According to Ellen, the public has a legitimate interest in documents that adequately summarize sexual harassment allegations and the results of investigations into those allegations, but not in the identities or detailed statements of the victims and witnesses. See id; see also Open Records Decision Nos. 473 (1987), 470 (1987) (public has legitimate interest in job performance of public employees). In this case, we conclude that the common-law right of privacy protects the names of the victims and witnesses involved in the investigation of the sexual harassment allegation. We have not marked the names of the victims and witnesses, but you should redact these names prior to releasing information from exhibits C and D. We find that exhibit C and the first ten pages of exhibit D adequately summarize the sexual harassment investigation. Therefore, you should withhold the remainder of exhibit D, which consists of detailed statements and investigation notes, from disclosure based on the common-law right to privacy.(1) We have also marked some additional information in exhibit C that is protected by the common-law right to privacy.
Section 552.108(a) excepts from disclosure "[i]nformation held by a law enforcement agency or prosecutor that deals with the detection, investigation, or prosecution of crime . . . if: (1) release of the information would interfere with the detection, investigation, or prosecution of crime." You have explained how releasing some of the information in exhibits C and D will interfere with the city's ongoing law enforcement efforts. For this reason, we conclude that the city may withhold the marked information in exhibits C and D from disclosure pursuant to section 552.108.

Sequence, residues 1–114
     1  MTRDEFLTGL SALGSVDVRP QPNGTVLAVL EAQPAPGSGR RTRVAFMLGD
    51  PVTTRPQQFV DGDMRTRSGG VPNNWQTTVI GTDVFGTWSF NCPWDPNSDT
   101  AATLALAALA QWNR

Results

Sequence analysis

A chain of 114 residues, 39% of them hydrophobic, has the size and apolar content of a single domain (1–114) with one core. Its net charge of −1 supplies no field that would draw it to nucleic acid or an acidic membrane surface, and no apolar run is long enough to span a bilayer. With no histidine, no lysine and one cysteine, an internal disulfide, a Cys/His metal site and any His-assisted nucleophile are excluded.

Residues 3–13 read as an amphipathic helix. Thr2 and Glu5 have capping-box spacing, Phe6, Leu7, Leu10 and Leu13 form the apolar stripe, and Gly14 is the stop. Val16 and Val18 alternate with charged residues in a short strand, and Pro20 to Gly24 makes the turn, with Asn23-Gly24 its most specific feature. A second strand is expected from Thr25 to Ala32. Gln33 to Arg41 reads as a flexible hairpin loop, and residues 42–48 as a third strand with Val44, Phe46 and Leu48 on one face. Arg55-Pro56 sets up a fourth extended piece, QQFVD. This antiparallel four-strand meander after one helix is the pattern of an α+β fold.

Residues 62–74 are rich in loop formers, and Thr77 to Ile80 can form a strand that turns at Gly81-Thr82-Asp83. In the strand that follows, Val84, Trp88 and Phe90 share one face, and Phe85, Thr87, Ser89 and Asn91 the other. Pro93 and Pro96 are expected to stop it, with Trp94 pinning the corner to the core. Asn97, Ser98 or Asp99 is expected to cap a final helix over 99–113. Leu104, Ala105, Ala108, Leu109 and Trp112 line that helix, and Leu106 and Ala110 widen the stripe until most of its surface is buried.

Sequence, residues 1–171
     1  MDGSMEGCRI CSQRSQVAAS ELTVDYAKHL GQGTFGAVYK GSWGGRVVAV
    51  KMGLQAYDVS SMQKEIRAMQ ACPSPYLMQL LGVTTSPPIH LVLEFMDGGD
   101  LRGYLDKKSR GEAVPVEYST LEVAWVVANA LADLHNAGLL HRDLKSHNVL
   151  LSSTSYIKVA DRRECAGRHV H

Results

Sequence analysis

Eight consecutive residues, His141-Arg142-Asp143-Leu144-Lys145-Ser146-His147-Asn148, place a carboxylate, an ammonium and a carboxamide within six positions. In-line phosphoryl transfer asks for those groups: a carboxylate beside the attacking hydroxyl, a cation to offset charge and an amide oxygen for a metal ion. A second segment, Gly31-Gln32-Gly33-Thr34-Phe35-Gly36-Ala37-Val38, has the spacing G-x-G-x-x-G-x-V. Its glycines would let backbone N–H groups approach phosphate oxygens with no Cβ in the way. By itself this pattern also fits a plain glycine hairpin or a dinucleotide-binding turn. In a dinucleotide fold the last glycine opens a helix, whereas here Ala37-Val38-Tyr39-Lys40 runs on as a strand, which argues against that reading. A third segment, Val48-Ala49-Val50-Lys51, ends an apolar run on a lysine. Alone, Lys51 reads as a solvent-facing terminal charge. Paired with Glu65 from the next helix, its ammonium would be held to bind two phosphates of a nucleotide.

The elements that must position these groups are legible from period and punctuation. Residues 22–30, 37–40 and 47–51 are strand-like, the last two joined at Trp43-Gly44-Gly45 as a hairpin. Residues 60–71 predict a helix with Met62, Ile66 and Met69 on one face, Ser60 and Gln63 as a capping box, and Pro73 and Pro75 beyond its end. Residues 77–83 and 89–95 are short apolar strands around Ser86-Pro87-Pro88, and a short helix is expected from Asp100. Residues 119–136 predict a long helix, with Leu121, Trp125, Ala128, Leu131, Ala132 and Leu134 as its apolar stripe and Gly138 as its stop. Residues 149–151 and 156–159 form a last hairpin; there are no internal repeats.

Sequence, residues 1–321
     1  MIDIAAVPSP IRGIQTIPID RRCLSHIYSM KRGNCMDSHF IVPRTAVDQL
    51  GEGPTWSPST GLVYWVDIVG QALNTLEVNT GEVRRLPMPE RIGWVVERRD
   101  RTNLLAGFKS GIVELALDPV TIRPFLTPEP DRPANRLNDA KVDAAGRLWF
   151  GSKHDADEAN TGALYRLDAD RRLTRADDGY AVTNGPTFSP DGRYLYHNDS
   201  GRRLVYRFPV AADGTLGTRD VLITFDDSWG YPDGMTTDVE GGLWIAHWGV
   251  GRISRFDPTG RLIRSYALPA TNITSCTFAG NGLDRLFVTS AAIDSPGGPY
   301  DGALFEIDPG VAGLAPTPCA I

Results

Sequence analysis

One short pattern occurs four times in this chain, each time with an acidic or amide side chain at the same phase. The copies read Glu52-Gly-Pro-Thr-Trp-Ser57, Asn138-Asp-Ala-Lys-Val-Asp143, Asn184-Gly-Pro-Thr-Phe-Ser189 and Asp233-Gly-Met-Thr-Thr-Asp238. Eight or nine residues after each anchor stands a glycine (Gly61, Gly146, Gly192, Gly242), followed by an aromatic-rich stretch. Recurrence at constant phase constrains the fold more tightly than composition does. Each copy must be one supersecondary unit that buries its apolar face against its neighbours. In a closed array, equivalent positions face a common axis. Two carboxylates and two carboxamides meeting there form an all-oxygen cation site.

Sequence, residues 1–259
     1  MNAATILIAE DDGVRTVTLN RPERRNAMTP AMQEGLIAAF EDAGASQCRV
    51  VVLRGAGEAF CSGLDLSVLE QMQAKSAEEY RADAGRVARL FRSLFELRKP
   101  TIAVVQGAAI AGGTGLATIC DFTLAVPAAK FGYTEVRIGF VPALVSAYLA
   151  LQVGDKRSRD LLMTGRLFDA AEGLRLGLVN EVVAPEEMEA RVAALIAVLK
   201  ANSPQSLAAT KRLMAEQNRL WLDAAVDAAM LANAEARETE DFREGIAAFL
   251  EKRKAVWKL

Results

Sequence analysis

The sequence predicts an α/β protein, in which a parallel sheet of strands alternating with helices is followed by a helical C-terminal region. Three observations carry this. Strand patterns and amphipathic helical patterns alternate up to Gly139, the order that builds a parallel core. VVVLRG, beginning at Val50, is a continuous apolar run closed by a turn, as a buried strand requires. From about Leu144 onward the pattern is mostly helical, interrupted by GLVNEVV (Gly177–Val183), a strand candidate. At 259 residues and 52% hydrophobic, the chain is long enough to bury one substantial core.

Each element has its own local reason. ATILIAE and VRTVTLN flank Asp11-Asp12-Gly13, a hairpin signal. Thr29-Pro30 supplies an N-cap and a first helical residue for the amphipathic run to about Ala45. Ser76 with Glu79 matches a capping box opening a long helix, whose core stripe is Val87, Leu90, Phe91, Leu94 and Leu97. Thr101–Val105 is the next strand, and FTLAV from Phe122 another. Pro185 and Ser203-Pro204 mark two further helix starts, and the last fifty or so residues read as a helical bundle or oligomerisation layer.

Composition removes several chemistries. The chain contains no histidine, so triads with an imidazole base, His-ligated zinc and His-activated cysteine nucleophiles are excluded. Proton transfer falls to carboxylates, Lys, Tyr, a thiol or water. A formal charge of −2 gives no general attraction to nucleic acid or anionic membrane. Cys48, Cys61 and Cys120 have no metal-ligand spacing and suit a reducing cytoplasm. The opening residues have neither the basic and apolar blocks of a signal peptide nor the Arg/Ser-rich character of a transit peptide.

Exhibits C and D contain information that is excepted from disclosure under section 552.117(2), which protects the following information about peace officers: their home addresses, home telephone numbers, social security numbers, and information that reveals whether they have family members. We have marked the information that is excepted from disclosure under section 552.117(2). The city must withhold this marked information from disclosure.
Section 552.130 provides in relevant part:
(a) Information is excepted from the requirement of Section 552.021 if the information relates to:
(1) a motor vehicle operator's or driver's license or permit issued by an agency of this state; [or]
(2) a motor vehicle title or registration issued by an agency of this state[.]
We have marked some information in exhibit C that falls within the scope of section 552.130. The city must withhold this marked information from disclosure.
Finally, we note that one of the requestors has a special right of access to some of the information excepted from disclosure under sections 552.101 and 552.117. See Gov't Code § 552.023 (person has special right of access, beyond right of general public, to information excepted from disclosure by laws intended to protect that person's privacy interests). Therefore, the city should not redact this requestor's name, address, telephone number, or family member information from the copies of documents it releases to this requestor.
To summarize, section 552.103 does not except any of the requested information from disclosure. Section 552.101, in conjunction with the common-law right to privacy, excepts from disclosure pages eleven through eighty-one of exhibit D, the names of the victims and witnesses involved in the sexual harassment investigation, and the marked information in exhibit C. We have marked information that is excepted from disclosure pursuant to sections 552.108, 552.117, and 552.130.
We are resolving this matter with an informal letter ruling rather than with a published open records decision. This ruling is limited to the particular records at issue under the facts presented to us in this request and should not be relied upon as a previous determination regarding any other records. If you have questions about this ruling, please contact our office.
Karen E. Hattaway
Ref: ID# 123196
Enclosures: Marked documents
cc: Mr. Antonio V. Silva, P.C.
cc: Mr. Jose Diaz
1. Because we conclude that pages eleven through eighty-one of exhibit D are excepted from disclosure
pursuant to section 552.101, we do not address your additional arguments against the disclosure of this